Assassins, with music/lyrics by the legendary Stephen Sondheim, book by John Weidman, based on a concept by Charles Gilbert Jr., is a bold choice for the venerable East West Players to reopen with after having been shuttered due to the you-know-what for almost two years. Staged with a loose revue format, Assassins is about most of the men and women who successfully or unsuccessfully attempted to kill a sitting US president.
The über-assassin highly esteemed by the other trigger-happy members of this (as depicted) kooky club of ludicrous if deadly misfits is the granddaddy of them all, John Wilkes Booth (Trance Thompson), who literally shot Pres. Lincoln in 1865 while he was sitting (in a box seat at Ford’s Theatre watching Our American Cousin). In chronological order when they committed their crimes (although the freewheeling musical isn’t sequential per se), the other title characters are:
Charles Guiteau (the giddy Gedde Watanabe), who shot Pres. James Garfield at a Washington, D.C. railroad station in 1881 with a British Bulldog Revolver. Anarchist Leon Czolgosz (George Xavier), an aficionado of rabblerouser Emma Goldman (well-played by the droll Kym Miller), shot Pres. William McKinley 20 years later at the Pan-American Exposition in Buffalo. The play’s first wannabe presidential killer who flopped is the little-remembered Giuseppe Zangara (Aric Martin), an Italian immigrant who tried to shoot President-elect Franklin Delano Roosevelt in Miami a couple of weeks before his1933 inauguration, missing FDR but succeeding in shooting five others, including a bodyguard and Miami’s Mayor Anton Cermak, who subsequently died.
The next purported shooter depicted had superior marksmanship, Lee Harvey Oswald (Adam Kaokept), who supposedly liquidated JFK in 1963. The only charter member of this motley crew whose weapon of choice wasn’t a firearm in our nation awash in guns is Samuel Byck (the wry Christopher Chen), whose 1974 attempt to hijack a jet in order to crash it into the White House to kill Pres. Richard M. Nixon was foiled.
Manson cult follower Squeaky Fromme (the chillingly menacing Astonica Bhagat Lyman) attempted to shoot the man who pardoned Tricky Dick, Pres. Gerald Ford, at Sacramento in 1975. Just 17 days later, Sara Jane Moore (the humorous Joan Almedilla) took another shot at Ford in San Francisco. John Hinckley, Jr. (Arvin Lee) is believed to have been closer to the mark, hitting but not killing Pres. Ronald Reagan in 1981 at Washington.
Sondheim’s (who of course wrote the immortal lyrics for West Side Story) eerie musical explores these criminals and their motives with insight, wit, pathos and varying degrees of historical accuracy. The ensemble cast, deftly directed by EWP’s Producing Artistic Director Snehal Desai, with musical direction by Marc Macalintal, wreak their mayhem from an imaginative multi-level set designed by Anna Robinson, which is periodically emblazoned with projections designed by David Murakami with assistance from Sam Clevenger. The singers are accompanied by a live sextet, enhancing the overall production values of this musical, which had originally opened Off-Broadway in 1990 for only 73 performances, but was revived on Broadway in 2004 where it snagged five Tony Awards.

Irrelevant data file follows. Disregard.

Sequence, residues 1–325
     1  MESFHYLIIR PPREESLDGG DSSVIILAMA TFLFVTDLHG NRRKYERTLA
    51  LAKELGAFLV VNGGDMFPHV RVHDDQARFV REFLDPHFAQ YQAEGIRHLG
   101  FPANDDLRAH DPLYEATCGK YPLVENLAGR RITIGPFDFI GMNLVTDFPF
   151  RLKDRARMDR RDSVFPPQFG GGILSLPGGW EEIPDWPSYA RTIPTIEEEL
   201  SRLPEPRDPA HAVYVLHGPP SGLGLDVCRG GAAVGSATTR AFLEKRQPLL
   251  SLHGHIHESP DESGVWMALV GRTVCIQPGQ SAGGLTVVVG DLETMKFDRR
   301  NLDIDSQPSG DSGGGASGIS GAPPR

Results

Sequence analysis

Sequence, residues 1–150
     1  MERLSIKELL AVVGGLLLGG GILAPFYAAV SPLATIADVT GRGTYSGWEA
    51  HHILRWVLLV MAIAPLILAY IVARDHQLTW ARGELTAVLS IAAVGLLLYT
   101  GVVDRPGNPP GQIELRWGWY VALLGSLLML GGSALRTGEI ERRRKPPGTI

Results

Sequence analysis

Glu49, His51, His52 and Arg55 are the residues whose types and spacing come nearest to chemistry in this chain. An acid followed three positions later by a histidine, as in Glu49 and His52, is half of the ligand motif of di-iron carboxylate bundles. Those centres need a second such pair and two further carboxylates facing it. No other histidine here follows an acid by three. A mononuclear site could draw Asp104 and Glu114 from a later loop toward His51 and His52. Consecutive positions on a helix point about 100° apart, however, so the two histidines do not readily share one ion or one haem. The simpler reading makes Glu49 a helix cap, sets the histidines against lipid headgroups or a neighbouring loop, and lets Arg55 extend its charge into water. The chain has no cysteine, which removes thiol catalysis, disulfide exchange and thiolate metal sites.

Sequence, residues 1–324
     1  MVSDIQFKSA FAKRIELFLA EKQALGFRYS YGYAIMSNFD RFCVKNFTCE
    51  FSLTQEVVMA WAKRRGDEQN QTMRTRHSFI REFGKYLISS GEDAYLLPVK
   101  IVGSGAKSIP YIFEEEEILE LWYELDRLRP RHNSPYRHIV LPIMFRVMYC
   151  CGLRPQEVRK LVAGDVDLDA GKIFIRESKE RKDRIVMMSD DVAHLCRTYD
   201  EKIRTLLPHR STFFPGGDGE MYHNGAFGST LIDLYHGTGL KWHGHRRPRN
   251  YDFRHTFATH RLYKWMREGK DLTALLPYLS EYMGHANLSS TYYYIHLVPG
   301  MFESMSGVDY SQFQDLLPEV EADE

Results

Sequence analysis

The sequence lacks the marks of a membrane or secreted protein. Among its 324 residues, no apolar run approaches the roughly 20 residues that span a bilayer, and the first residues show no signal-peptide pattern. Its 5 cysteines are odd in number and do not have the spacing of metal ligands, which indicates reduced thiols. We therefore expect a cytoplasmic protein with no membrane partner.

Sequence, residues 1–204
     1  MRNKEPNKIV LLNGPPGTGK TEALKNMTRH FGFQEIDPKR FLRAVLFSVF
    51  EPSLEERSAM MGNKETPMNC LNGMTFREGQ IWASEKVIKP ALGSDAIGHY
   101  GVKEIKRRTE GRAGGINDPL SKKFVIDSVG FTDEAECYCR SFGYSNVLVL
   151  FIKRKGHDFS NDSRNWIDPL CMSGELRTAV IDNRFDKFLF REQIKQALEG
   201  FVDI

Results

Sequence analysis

I saw the latter revival, wherein Mario Cantone portrayed Byck with a mix of swagger, menace and whimsy. Later that night I had the good luck to bump into Cantone (who co-starred in the various big and little screen iterations of Sex in the City, including the recent HBO reboot) at one of those after theater eateries on Restaurant Row and congratulated the gracious thesp on his super performance. His depiction of Byck was far superior to Sean Penn’s in the 2004 feature The Assassination of Richard Nixon.
I’m happy to say that like Cantone, Christopher Chen plays Byck with great panache, and his waggish outfit (costume design by Stephanie Nguyen) captures the would-be murderer’s dark sense of humor. Chen currently appears on two TV sitcoms, American Auto and Young Rock (say – whatever happened to that show?).
Other standouts in the cast include the astounding Astonica Bhagat Lyman, who portrays Charlie Manson’s so-called “teenage slut” Squeaky Fromme with a perpetual maniacal gleam in her deranged eyes. As this bogeyman’s bumbling sidekick, Joan Almedilla is a hoot as Sara Jane Moore, the gal who couldn’t shoot straight. Gedde Watanabe plays Charles Guiteau as being mad as a hatter, adding more comic relief to lighten the rather dark subject matter.
In a double role Adam Kaokept is surprising when we see which thesp portrays Oswald in the denouement. Oswald is lured to do the dirty deed by the assassins’ ringleader, John Wilkes Booth. The imposing Trance Thompson is entrancing as Lincoln’s liquidator, but some theatergoers may scratch their heads trying to grasp why the ensemble’s sole African American is cast as the man who slew the Great Emancipator. Thompson previously played Coalhouse Walker in Ragtime and Che Guevara in Evita in stage productions.
The show has no intermission and runs about 100 minutes. But experiencing Sondheim’s merry if mad and macabre musical is much more than merely killing time. For more adventurous theatergoers, this imaginative, harrowing, gallows humor-type production marks the triumphant return of one of L.A.’s finest theaters. East West Players is back – live, alive and well and I predict Assassins will be right on target, a hit.
East West Players presents Assassins on Thursdays through Saturdays at 8:00 p.m., with 2:00 p.m. matinees on Saturdays and 5:00 p.m. performances on Sundays through March 20 at the David Henry Hwang Theater, 120 Judge John Aiso Street, Los Angeles, CA 90012. For info and tickets: (323)609-7006; https://eastwestplayers.org/. Covid documents are checked but there was no social distancing at the sold out premiere.